How many times have you bought something in a bid to cheer yourself up? I often say I need a bit of retail therapy when I am feeling low. So, I was interested to read an article today that said I should stop wasting money on things and look to spend my money on having experiences. (http://bigthink.com/paul-ratner/want-happiness-buy-experiences-not-more-stuff)
It goes against logically thinking to spend money on experiences. After all those come and go and often we have nothing to show for it. On the other hand if we have been out on a spending spree then we have a whole heap of items that we can use, look at or enjoy. But psychology Professor Thomas Gilovich from Cornell University has studied this and believes that we quickly become used to having the items we have bought.
The experiences we have last long in our memories and we also have the anticipation of the experience to savour. I can see this. If I think about today and what I have done it was the lovely hack on my horse that was the best experience of the day. I can tell you about it in detail, how it looked, what we saw, the smells and the gentle rain on us. If I close my eyes I can feel myself back there again many hours later. Yet the few items for sewing that I treated myself to will exist in the home, will be useful, but don’t hold the secret to long term happiness.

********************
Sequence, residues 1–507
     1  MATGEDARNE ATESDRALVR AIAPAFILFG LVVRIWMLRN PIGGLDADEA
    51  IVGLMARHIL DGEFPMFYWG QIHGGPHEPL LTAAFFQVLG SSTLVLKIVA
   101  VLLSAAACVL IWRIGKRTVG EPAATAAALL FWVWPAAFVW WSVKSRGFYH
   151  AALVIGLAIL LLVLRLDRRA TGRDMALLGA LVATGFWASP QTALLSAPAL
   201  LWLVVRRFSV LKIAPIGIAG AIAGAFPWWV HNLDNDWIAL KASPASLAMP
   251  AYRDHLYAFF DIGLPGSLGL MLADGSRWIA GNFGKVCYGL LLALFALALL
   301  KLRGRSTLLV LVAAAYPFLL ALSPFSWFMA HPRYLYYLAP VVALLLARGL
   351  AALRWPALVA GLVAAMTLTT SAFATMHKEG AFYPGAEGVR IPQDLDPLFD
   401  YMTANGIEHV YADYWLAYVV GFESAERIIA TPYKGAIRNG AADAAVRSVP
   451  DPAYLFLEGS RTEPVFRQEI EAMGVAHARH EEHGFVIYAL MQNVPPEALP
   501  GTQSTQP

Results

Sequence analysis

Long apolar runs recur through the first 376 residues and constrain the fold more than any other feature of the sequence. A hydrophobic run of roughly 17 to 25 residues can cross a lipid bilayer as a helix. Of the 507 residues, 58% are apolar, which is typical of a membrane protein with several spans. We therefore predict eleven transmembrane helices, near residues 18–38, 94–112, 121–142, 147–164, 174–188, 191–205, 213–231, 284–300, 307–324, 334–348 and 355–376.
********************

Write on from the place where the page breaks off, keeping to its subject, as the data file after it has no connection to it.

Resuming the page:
I suppose it goes back to the Buddhist way that enlightenment isn’t about having things and it is about divesting yourself of all things to move to a higher place. If we surround ourselves with things then they are just things. Happiness is about much more than that.
Gilovich says experiences reflect more of who we really are. They are said to be closer to our inner selves as we are ‘the sum total of all our experiences’. So experiences are about our social selves. They allow us to get closer to others that we don’t get through inanimate objects. This is true. The hack today was shared with four of my friends from the stables and then through social media shared wider on Facebook. (see below)
Perhaps we should all start to value those experiences in our lives rather than focus on acquiring more things